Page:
Reflections on the Value of Jewish Studies
A few months ago, a family member brought a particular newspaper article to my attention. The title “New Testament gets a new look by Jews.”
As someone who is very interested in not only the study of the Old Testament, but also the Jewish Backgrounds of the New Testament, and the Christian faith, this seemed quiet intriguing. After all, the more I have learned to try to adjust my worldview, experiences, and perceptions of God and His promises to see them through a “first century Jewish worldview,” the more the text of the New Testament comes alive.
Yet, as I read, this article seemed to be reporting on a slightly different type of scholarship. The development in discussion is the announced publication of “The Jewish Annotated New Testament” (Oxford University Press), pitched as “an unusual scholarly experiment: an edition of the Christian holy book edited entirely by Jews. The Volume includes notes and explanatory essays by 50 leading Jewish scholars.” It is “for anybody interested in a Bible more attuned to Jewish sources. But it is of special interest to Jews who “may believe that any annotated New Testament is aimed at persuasion, if not conversion.” Instead, this volume “should not raise that suspicion.”
I began to think about this a little bit. For the last seven years, I have learned to get excited about new discoveries pertaining to Jewish literature, culture, and archaeology of antiquity, for the same reason behind the creation of this Jewish New Testament: to better and more fully understand the paradigm of the Jewish person to the life and ministry of Jesus, and the expansion of the Church.
Yet, what what other reasons might lurk behind the development of this particular annotated New Testament? Especially curious is the note that this NT will hopefully “not raise [the] suspicion” that reading the NT should direct one towards understanding Jesus in a way that heads one to respond in faith, and accepting Jesus as their Messiah, their slaughtered lamb, and their God.
This leads me to wonder: what value is there behind a perspective of the NT that intentionally does not lead to evangelism and discipleship? Certainly, liberal-critical scholarship has taken such an approach for centuries now. And despite their presuppositions, their theories and research have advanced our understanding of the first century world and our understanding of the text. Yet, this same academic tradition has also brought a determined offense against the kerygma, or the proclamation, of the New Testament:[box] “…that Christ died for our sins according to the Scriptures, 4 that he was buried, that he was raised on the third day according to the Scriptures…” 1 Cor 15:3-4[/box]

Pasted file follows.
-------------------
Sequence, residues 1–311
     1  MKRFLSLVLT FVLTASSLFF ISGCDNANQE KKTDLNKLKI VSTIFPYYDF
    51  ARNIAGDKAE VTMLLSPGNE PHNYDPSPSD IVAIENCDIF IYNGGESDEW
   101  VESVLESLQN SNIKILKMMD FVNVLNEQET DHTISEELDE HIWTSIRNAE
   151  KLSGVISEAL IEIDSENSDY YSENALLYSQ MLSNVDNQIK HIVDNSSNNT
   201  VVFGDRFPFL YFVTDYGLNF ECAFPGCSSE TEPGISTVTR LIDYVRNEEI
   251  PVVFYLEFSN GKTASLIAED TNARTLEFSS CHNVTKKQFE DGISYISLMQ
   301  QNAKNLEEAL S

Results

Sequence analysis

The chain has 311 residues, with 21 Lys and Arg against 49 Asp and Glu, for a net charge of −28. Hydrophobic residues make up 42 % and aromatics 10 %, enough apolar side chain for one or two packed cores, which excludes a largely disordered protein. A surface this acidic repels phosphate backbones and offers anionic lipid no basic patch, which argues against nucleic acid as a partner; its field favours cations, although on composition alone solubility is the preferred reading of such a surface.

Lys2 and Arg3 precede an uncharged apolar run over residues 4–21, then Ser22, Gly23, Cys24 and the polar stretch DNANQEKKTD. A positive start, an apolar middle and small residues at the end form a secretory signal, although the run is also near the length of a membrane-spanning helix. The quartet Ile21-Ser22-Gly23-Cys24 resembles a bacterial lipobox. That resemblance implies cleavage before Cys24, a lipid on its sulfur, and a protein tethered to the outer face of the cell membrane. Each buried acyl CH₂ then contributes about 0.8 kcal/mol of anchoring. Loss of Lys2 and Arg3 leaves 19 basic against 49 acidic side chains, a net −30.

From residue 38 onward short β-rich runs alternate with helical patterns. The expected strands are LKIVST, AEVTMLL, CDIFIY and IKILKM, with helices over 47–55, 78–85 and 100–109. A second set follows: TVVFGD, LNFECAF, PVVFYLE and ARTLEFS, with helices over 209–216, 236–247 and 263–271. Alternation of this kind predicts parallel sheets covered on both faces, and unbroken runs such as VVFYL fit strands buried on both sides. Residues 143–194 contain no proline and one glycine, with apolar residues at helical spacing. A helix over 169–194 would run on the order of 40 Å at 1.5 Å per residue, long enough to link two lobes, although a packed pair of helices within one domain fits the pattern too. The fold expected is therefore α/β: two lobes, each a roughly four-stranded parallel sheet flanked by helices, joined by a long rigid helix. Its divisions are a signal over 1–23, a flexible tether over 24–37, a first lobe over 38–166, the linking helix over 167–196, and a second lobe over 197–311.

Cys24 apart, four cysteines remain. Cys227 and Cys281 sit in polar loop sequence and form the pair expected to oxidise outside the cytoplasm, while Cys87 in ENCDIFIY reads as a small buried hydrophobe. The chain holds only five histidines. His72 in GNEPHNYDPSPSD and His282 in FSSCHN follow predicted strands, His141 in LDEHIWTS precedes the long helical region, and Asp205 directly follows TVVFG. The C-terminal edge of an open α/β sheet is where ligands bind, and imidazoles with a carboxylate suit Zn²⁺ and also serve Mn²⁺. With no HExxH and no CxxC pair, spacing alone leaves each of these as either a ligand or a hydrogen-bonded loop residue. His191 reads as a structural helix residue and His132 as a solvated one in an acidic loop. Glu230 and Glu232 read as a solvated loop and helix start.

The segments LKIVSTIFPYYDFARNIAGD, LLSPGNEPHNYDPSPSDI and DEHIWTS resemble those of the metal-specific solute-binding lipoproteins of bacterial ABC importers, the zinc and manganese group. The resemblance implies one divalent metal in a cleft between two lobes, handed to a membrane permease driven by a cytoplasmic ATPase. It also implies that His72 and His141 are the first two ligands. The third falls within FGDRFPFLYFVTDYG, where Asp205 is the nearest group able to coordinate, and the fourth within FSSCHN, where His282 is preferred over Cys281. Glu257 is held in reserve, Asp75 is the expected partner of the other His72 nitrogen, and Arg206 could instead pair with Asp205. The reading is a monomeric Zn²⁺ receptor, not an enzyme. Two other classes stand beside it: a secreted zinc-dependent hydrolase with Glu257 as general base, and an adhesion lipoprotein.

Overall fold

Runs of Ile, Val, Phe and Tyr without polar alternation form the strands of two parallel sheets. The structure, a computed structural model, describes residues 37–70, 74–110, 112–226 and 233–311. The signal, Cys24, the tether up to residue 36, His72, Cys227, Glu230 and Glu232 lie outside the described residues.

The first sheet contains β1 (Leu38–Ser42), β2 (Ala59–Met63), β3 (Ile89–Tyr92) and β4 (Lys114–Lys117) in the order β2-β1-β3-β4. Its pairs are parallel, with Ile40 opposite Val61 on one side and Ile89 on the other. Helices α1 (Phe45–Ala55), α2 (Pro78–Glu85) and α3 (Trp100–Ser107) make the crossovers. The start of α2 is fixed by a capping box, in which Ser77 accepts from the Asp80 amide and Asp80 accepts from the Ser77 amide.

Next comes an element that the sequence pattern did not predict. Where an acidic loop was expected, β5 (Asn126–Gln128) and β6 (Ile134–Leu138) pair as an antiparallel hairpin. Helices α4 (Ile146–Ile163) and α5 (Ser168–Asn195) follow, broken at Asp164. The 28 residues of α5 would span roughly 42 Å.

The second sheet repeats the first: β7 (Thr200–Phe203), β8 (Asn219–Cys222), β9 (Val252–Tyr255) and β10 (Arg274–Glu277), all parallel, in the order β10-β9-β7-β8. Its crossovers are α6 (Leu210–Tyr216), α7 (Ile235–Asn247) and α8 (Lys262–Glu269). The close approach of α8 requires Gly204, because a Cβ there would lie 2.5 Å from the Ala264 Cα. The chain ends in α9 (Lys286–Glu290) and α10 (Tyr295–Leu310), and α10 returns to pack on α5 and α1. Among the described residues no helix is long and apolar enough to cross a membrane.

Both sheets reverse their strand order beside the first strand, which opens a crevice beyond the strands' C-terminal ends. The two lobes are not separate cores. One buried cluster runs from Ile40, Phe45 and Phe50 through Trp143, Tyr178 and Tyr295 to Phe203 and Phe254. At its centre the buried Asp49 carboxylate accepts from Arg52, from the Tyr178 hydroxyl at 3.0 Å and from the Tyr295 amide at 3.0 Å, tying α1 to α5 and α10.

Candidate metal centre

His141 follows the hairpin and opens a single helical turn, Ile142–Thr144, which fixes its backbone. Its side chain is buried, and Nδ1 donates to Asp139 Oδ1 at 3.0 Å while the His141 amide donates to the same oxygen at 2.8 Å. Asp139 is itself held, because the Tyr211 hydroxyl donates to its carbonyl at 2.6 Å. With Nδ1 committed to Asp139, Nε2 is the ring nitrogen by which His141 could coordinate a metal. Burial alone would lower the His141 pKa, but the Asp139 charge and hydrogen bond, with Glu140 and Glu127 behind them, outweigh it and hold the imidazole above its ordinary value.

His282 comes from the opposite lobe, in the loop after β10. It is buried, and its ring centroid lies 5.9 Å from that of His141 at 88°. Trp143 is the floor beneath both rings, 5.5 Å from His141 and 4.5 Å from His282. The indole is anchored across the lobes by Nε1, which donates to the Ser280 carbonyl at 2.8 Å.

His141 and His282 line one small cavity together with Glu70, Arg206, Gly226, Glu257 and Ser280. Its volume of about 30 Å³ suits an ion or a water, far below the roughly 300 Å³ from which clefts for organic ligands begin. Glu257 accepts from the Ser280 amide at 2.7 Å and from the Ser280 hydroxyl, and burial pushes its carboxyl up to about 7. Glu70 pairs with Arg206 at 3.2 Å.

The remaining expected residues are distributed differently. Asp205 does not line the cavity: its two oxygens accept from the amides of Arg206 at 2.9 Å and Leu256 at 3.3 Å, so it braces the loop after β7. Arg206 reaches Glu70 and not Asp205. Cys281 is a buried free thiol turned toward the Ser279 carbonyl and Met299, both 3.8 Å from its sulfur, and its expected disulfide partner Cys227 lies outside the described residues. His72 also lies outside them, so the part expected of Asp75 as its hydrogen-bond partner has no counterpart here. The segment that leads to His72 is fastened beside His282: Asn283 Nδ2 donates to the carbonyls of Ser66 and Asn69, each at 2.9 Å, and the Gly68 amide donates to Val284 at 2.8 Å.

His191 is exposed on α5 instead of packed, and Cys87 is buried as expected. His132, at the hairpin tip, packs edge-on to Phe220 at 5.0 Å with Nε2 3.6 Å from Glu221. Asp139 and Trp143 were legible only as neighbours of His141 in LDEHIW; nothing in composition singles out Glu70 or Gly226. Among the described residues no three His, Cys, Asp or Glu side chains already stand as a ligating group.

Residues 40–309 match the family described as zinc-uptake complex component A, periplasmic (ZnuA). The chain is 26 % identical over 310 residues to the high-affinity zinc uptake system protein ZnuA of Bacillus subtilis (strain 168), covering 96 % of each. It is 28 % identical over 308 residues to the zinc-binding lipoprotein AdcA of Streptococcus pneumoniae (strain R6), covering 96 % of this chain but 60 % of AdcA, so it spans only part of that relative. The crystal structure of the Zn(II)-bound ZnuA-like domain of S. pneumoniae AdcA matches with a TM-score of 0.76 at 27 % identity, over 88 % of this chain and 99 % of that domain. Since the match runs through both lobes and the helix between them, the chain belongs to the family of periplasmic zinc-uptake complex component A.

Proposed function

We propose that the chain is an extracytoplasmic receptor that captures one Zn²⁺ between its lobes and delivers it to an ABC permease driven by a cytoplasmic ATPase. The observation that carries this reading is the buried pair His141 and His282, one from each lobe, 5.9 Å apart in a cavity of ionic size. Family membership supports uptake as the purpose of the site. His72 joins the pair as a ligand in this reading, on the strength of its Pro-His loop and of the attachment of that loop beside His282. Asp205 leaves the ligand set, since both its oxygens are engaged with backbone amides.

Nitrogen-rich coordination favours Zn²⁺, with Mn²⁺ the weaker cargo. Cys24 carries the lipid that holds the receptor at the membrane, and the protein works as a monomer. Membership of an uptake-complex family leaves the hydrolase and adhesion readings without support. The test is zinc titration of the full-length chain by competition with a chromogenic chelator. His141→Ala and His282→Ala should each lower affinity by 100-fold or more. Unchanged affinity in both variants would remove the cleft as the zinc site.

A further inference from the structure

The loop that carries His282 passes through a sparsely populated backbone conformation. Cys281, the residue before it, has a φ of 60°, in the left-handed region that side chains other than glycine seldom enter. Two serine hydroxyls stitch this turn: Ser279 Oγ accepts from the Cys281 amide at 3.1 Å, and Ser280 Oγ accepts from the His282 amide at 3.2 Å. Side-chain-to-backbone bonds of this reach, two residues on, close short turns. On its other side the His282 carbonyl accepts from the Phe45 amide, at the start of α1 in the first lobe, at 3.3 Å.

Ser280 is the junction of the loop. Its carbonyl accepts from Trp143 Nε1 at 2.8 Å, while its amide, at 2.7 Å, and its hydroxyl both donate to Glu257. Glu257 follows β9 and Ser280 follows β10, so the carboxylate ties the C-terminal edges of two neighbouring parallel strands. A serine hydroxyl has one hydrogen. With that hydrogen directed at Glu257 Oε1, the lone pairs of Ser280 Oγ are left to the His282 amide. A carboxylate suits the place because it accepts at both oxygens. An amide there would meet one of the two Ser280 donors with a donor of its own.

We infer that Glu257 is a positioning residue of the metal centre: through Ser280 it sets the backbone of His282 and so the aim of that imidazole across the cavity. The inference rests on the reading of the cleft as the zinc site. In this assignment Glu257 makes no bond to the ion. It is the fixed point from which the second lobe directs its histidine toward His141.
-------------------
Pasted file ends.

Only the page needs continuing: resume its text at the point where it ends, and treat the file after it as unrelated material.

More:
No approach to interpreting and teaching the NT by use of coercion is likely be successful (nor will it be evangelism in a way that agrees with the NT teachings about faith). Yet, to cut the Christian Messiah out of the pages of His revealed word is a terrible tragedy as well.
A few years ago, I remember listening to a speaker at a conference, who was talking about “what makes a message, a Christian message?” The answer: Christ. A message that simply teaches moral values and moral formation from the Proverbs, a lesson that is steeped in history from 1 Chronicles, or a detailed chronology of the ministry of Paul from Acts… without the proclamation that Jesus is Lord, and that by believing in his work on the cross and victory over the grave alone as the means by which we may be saved and made members of the people of God- could be taught by any religion. Any historian. Any critic. Jesus is what makes it Christian.
So, what value is this new work? Actually, useful in some ways. The one “example” of its unique contribution (which is actually more the result of surveying the works of Philo and other Jewish authors of antiquity) was actually somewhat interesting when it comes to understanding the background of the Magi of Matthew 2. But, if this is meant to engage Jewish readers around the NT, but to intentionally lead them to read the inspired text with eyes simply for passing curiosity, and not for tasting the weight of its commands and calling, sadly this won’t lead any more Semites any closer to “knowing” the plan and person of the God of Abraham.
Historically, Jewish scholars have (quite sensibly) been involved in OT scholarship, and Intertestamental literature.